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Nicolas Legendre joined the PhD in Management program at Telfer in 2016, after completing his MSc in Management at the school. He is specializing in finance under the supervision of Professor Miwako Nitani. During his studies, he has received the Lilian and Swee Chua Goh Doctoral Scholarship and the SSHRC Joseph-Armand Bombardier Canada Graduate Scholarship. We interviewed him to learn more about his research on financing of small and medium sized businesses in Canada.

Why did you choose to study finance?

I chose to study finance with a focus on small businesses because of the disproportionate contribution of small businesses towards a country’s economic growth. Alleviating financial barriers faced by entrepreneurs, specifically, members of underrepresented groups, is crucial to supporting the growth of small businesses, our primary growth drivers.

What is your research about and what will it contribute to academic literature?

My research looks at the entire process of raising capital for small businesses. One of the unique aspects of my research is my focus on underrepresented groups and discrimination. It contributes to the academic literature by distinguishing between the types of discrimination (taste-based vs. statistical) that members of underrepresented groups may face when trying to obtain external financing.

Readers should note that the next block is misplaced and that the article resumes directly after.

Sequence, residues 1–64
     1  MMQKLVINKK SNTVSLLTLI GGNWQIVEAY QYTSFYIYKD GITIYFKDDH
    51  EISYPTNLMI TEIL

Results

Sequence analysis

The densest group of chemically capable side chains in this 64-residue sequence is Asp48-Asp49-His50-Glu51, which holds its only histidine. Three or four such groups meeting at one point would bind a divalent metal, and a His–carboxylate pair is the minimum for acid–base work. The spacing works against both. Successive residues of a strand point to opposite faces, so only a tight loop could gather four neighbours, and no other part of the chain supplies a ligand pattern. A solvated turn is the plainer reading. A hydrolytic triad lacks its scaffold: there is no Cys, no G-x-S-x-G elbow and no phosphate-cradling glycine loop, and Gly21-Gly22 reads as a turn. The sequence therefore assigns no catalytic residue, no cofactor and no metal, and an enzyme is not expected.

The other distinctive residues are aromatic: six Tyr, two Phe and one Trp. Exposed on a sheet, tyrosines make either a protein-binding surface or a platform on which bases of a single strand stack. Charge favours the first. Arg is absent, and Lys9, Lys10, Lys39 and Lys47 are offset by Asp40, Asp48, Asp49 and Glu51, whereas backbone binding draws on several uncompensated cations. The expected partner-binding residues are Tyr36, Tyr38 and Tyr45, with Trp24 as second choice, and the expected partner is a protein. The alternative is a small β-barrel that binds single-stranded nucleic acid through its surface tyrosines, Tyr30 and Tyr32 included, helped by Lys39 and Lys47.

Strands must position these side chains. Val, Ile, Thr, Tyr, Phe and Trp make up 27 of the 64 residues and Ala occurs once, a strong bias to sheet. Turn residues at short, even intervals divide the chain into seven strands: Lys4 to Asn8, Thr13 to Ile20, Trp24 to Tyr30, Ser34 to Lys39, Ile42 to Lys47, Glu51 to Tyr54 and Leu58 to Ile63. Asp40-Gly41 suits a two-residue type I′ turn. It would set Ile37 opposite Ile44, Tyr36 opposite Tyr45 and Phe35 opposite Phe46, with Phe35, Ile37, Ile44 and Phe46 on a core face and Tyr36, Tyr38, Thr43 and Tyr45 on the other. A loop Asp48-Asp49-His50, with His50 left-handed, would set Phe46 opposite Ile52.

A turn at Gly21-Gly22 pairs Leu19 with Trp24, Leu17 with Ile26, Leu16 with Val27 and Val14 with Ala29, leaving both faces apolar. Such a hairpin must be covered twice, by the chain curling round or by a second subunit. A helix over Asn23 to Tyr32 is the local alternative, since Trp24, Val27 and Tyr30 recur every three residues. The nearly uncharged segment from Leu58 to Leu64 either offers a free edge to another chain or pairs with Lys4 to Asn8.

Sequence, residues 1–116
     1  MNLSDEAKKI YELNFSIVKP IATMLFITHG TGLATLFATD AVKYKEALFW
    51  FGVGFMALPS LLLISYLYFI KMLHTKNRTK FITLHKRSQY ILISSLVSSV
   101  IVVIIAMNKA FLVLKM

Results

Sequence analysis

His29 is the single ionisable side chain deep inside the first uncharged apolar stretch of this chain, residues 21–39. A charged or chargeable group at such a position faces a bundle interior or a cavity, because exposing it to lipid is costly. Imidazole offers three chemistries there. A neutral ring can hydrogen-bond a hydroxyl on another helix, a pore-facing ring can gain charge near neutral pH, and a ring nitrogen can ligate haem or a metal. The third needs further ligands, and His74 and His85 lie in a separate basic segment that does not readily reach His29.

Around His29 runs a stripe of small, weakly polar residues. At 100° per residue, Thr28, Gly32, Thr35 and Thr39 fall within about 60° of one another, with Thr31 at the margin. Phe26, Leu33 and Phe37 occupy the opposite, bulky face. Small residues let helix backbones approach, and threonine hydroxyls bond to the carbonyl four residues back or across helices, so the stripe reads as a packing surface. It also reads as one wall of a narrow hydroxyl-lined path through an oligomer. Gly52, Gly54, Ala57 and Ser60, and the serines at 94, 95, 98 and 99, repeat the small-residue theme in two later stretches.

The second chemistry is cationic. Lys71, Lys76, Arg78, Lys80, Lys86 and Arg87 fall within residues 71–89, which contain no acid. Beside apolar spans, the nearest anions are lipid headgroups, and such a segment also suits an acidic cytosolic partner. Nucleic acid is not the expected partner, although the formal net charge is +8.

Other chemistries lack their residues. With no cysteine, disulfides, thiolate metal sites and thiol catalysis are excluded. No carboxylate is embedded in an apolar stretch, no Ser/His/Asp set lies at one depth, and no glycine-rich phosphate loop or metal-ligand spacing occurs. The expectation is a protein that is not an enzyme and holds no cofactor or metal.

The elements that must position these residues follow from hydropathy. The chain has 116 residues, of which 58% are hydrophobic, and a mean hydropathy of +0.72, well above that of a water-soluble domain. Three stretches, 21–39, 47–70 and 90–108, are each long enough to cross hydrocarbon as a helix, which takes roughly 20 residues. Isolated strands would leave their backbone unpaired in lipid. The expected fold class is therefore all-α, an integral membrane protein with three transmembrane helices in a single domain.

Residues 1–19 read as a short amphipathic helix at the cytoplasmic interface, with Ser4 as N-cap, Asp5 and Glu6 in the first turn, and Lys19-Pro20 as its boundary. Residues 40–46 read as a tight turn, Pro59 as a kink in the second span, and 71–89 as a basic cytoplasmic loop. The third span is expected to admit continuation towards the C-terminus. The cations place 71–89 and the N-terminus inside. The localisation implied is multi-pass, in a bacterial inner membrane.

Your recent work was published in the Journal of Banking and Finance. What are the highlights from that study?

My recent publication entitled “Cooperative lenders and the performance of small business loans” looked at the impact of lender type at the last stage of raising capital for small businesses. Specifically, it investigated the notion that cooperative lenders (credit unions and caisses populaires) face less severe information asymmetry compared to major banks. We found that small business loans advanced by cooperative lenders are less likely to lead to default compared to those extended by major banks, highlighting the importance of cooperative lenders for small business lending.

What impact could your research have on public policy?

My thesis research can influence public policy by informing programs that seek to alleviate financial constraints faced by small businesses. For example, my thesis found that members of underrepresented groups are more likely to forego applying for financing, even though they need financing, due to fear of having their loan application rejected. Accordingly, targeted programs that aim to support access to financing for members of underrepresented groups should focus on addressing these discouraging barriers.

By Rania Nasrallah-Massaad

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